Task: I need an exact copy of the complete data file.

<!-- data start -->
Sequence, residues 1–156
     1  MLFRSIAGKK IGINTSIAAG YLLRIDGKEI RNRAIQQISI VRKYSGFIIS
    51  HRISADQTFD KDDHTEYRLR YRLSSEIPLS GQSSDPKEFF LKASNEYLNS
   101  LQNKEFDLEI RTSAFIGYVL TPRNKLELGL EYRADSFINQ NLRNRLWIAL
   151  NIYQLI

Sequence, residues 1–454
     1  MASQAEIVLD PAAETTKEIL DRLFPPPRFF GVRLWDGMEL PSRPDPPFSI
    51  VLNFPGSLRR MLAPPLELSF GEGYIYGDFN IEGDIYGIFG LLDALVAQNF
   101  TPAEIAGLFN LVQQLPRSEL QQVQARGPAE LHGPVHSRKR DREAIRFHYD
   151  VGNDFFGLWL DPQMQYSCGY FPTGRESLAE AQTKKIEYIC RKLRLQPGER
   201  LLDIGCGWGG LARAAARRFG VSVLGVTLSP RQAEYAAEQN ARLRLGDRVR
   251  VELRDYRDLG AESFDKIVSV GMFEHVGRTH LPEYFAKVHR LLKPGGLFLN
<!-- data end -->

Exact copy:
Sequence, residues 1–156
     1  MLFRSIAGKK IGINTSIAAG YLLRIDGKEI RNRAIQQISI VRKYSGFIIS
    51  HRISADQTFD KDDHTEYRLR YRLSSEIPLS GQSSDPKEFF LKASNEYLNS
   101  LQNKEFDLEI RTSAFIGYVL TPRNKLELGL EYRADSFINQ NLRNRLWIAL
   151  NIYQLI

Sequence, residues 1–454
     1  MASQAEIVLD PAAETTKEIL DRLFPPPRFF GVRLWDGMEL PSRPDPPFSI
    51  VLNFPGSLRR MLAPPLELSF GEGYIYGDFN IEGDIYGIFG LLDALVAQNF
   101  TPAEIAGLFN LVQQLPRSEL QQVQARGPAE LHGPVHSRKR DREAIRFHYD
   151  VGNDFFGLWL DPQMQYSCGY FPTGRESLAE AQTKKIEYIC RKLRLQPGER
   201  LLDIGCGWGG LARAAARRFG VSVLGVTLSP RQAEYAAEQN ARLRLGDRVR
   251  VELRDYRDLG AESFDKIVSV GMFEHVGRTH LPEYFAKVHR LLKPGGLFLN